Vancouver 2010: Swiss Broadcaster Employs Stagetec Audio Equipment for Games Coverage
Swiss broadcasting corporation SRG SSR Suisse will report 16 hours per day from the 2010 Vancouver Games and have selected Salzbrenner Stagetec audio equipment to do so.
TV Productioncenter Zurich (tpc), the production subsidiary of SRG SSR, will install two control rooms – one in Vancouver and one in Whistler – and a main switching room at the IBC in Vancouver. The small control room in Whistler will be used for skiing and snowboarding events and has a six-base-device NEXUS network. The tpc studio in Vancouver will produce all background interviews, features, and additional information. This studio will be connected to a larger control room equipped with Stagetec’s recently introduced Crescendo mid-size desk and a ten-base-device NEXUS network plus a NEXUS Star in the main switching room. Two satellite uplink vehicles will send their live reports to this control room as well.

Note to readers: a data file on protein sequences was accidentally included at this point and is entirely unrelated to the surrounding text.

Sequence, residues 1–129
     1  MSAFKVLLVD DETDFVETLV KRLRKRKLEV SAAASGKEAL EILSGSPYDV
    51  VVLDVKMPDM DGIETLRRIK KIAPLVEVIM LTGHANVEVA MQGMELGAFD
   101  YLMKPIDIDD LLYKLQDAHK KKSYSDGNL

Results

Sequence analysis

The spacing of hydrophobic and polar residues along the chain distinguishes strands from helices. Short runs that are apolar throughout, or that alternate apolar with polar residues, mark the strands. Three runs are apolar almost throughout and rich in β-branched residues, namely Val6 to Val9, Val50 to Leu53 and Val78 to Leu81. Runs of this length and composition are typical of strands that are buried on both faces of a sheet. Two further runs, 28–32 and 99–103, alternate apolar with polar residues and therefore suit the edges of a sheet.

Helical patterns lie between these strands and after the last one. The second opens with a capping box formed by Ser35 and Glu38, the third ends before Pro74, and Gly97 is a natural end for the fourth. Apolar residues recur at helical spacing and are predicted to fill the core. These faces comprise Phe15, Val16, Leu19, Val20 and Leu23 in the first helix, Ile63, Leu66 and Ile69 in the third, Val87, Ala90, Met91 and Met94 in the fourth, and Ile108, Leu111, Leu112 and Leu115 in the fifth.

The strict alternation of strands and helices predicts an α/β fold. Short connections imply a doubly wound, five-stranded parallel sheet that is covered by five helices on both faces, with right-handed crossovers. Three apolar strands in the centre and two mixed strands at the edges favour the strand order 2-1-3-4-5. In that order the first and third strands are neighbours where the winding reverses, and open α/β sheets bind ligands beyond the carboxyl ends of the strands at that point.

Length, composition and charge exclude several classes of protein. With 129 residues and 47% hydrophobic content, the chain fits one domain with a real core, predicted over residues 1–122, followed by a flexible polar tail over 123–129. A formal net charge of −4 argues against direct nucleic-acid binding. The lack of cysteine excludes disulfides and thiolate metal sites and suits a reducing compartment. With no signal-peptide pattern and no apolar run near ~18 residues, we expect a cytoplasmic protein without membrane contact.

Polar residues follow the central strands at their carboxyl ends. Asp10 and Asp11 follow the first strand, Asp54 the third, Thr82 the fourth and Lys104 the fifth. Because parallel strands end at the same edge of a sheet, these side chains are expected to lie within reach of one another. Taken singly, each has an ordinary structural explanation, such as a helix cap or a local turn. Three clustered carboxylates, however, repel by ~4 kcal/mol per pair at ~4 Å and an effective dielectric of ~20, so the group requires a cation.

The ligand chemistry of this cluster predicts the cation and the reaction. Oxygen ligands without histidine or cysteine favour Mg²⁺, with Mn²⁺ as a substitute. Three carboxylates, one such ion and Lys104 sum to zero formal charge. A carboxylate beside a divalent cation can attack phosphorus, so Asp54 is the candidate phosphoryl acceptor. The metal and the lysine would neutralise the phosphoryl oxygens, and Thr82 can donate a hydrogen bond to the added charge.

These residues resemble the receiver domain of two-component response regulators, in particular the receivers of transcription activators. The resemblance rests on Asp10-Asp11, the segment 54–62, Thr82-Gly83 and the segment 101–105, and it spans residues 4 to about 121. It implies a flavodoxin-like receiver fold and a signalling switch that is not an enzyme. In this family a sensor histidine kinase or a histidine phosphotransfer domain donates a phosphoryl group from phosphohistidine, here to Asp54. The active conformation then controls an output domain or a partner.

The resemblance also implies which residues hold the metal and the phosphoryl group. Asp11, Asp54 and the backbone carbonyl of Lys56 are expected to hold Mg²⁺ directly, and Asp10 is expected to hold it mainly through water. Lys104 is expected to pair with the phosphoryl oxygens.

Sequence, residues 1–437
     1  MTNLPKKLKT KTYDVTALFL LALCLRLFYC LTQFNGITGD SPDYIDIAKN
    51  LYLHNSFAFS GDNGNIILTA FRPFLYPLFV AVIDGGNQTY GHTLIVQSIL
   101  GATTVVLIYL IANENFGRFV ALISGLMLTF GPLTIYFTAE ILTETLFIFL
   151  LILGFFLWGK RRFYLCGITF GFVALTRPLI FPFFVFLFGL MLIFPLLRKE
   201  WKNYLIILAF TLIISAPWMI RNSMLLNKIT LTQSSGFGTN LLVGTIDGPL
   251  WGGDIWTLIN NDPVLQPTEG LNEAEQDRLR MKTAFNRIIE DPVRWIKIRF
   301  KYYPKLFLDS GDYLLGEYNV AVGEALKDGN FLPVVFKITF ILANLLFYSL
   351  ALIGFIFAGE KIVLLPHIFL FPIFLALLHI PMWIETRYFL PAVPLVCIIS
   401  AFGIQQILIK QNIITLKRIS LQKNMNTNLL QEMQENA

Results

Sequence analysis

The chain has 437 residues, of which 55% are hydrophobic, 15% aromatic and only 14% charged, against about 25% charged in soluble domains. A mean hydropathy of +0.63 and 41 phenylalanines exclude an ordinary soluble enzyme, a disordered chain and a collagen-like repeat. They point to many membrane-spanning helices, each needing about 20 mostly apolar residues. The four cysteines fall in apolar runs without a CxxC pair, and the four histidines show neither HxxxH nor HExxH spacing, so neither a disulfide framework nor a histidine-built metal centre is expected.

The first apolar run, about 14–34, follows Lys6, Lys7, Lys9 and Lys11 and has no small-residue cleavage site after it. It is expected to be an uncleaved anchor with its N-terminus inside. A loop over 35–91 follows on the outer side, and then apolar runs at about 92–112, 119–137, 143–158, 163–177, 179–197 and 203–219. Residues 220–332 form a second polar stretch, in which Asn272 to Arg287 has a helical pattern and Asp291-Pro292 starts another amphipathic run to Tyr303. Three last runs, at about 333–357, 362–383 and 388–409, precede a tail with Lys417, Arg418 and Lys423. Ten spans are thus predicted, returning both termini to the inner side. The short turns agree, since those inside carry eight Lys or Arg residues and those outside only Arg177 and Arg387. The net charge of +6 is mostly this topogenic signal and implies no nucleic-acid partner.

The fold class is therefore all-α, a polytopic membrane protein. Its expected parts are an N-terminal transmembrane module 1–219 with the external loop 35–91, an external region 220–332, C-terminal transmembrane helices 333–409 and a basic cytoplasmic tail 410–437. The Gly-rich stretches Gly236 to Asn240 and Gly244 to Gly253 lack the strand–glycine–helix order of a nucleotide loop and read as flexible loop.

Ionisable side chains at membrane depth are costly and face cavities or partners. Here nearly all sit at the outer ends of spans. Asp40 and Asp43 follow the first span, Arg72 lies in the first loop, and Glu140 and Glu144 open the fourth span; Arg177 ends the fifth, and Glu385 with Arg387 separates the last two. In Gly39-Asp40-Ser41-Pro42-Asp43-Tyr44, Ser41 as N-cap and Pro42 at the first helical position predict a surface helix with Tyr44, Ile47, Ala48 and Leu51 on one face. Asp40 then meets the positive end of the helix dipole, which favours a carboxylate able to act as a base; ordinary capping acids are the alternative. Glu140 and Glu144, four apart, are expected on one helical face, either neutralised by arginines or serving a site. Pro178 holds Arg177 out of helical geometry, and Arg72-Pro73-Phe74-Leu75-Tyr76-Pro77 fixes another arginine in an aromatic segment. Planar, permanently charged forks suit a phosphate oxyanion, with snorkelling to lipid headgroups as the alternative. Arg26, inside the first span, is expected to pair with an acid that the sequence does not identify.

The NEXUS base devices in Vancouver are populated with 62 SDI de-embedder and embedder boards XSDI. In addition, the NEXUS in Whistler offers another 26 XSDI boards, altogether summing up to 960 x 960 SDI channels.
“NEXUS was our first choice because we need to deal with an extremely large number of embedded audio signals simultaneously,” says Thomas Neuenschwander, audio engineer at tpc. “Thanks to NEXUS’ superior SDI capabilities we can produce all required material for our broadcast center in Zurich, Switzerland, starting with the SDI-feed we get from the host broadcaster. As a specialty this includes ready-to-broadcast material without commentary voice, which will be dubbed over later in Switzerland – [to facilitate] the four languages spoken in the small country.”
The tpc crew is quite familiar with Stagetec consoles, as the larger Aurus desk is installed in tpc’s OB trucks back in Switzerland. However, tpc elected to use the more-compact Crescendo console (which features 40 faders, 144 audio channels, and 64 busses) for its coverage of the Winter Games.
“For the games we have preferred the Crescendo over the Aurus as we won’t need the huge amount of controls the Aurus offers”, says Neuenschwander. “The Crescendo instead gives us almost the same DSP-Power in a small, easy-to-transport console footprint.”